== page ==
At age 18 months, Philip underwent surgery for a cochlear implant, which is an implanted electronic hearing device. "He has the implant in one ear and a hearing aid in the other," explained Dr. Karen Mitchell, vice president and director of audiology and hearing Services at Columbus Speech and Hearing Center, "(The implant) enables him to hear all the sounds around him."

James also began speech therapy with Laura Middleton, a speech-language pathologist at Columbus Speech and Hearing Center who said, "The family looked for, and found, service providers to address all of Philip's areas of need -- speech/ language, hearing and motor skills."

Early intervention is important, explains Drew, because language is the basis for reading, writing and success in school.

Now almost 4 years old, Philip is exceeding his yearly Individualized Education Program goals. "Children listen to you and learn to talk by modeling the sounds they hear," says Mitchell. "If you are deaf, or have limited access, speech doesn't come as naturally. The implant made a significant difference in his ability to communicate -- you would never know he had hearing loss. It's almost unheard of for a child with his history of hearing and medical issues to overcome such odds. But he's a survivor."

Determination plus
Children are not the only ones battling the odds. Karen (not her real name) was pregnant with twins when one of her amniotic sacs ruptured at 21 weeks. "The hospital staff told her she should terminate the pregnancy," explains Brooke Stanley, a lead teacher at Easter Seals. "Because she was so determined to have the children, she stayed in the hospital for two months, literally almost standing on her head to keep from going into labor. Finally, at about 25 weeks, she delivered the twins at 1 lb. 6 oz. and 1 lb. 11 oz. She was told they probably wouldn't survive, but both came home from the hospital a few months later."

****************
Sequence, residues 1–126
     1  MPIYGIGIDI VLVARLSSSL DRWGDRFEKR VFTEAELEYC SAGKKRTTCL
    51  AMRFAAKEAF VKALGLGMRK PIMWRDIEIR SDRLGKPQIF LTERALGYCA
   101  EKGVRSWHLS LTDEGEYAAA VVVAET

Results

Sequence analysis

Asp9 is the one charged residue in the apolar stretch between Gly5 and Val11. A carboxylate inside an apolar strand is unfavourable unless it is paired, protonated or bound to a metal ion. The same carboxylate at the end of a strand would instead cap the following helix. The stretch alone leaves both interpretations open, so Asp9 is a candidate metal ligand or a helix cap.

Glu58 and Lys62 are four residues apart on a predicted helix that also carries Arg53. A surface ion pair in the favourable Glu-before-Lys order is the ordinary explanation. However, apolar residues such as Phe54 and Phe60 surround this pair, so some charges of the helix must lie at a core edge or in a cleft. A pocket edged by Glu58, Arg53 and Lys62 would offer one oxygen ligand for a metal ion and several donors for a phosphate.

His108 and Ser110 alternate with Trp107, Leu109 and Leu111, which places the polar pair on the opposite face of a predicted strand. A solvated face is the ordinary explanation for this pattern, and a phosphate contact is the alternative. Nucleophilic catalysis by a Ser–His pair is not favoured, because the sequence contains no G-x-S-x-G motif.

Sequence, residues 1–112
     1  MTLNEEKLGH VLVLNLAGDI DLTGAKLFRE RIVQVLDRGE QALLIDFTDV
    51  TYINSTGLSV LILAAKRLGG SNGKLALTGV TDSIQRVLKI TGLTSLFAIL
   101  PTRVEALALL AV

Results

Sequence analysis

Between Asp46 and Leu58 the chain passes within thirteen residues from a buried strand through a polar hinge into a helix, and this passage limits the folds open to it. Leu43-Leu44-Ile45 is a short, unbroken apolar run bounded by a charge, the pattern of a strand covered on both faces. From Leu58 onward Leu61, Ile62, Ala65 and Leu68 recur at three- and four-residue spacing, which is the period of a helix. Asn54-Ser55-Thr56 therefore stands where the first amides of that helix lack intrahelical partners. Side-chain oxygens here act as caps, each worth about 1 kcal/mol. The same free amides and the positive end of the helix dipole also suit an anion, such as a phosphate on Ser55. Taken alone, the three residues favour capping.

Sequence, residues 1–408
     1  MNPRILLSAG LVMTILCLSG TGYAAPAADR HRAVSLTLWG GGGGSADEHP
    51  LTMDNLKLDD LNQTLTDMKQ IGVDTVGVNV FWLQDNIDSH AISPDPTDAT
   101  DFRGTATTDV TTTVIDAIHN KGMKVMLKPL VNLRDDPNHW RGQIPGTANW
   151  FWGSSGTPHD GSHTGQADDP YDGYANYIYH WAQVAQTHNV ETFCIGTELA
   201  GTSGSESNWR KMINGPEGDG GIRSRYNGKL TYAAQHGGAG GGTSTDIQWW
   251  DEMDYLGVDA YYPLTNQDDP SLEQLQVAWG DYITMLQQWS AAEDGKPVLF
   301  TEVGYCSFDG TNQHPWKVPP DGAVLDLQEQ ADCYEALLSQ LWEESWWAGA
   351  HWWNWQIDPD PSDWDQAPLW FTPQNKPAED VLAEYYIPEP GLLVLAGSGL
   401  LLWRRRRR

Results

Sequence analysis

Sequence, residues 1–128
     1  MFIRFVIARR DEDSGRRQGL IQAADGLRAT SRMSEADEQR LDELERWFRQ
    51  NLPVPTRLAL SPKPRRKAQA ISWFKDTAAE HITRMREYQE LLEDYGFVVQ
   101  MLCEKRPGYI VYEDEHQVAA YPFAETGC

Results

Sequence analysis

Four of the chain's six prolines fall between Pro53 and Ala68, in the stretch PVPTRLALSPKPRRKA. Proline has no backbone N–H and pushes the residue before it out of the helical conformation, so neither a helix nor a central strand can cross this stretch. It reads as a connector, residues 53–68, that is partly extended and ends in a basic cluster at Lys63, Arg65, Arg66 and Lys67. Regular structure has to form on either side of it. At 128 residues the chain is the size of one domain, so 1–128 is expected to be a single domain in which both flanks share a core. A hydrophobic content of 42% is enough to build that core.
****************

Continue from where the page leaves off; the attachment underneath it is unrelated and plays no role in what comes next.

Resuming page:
Because of language delays, the twins started speech therapy and signing. "This family really takes one day at a time with their kids," said Stanley. "The kids are making lightning-quick progress in school. I'm just so impressed with the progress made in the areas of social, emotional and speech development. It was like all they needed was a little support and they'll take on the world pretty soon."
And what can we learn from these families? "It's hard work but as long as you're committed to something and take it one step at a time, you can do anything," said Dudek. Middleton added, "Regardless of impairments or disabilities, these families have declared 'the sky is the limit' for their child -- they have not put limitations on what their child can do -- so we as onlookers must not either."


Marguerite Marsh is a freelance writer in Columbus. She writes about many topics, including families, relationships, artists and pets.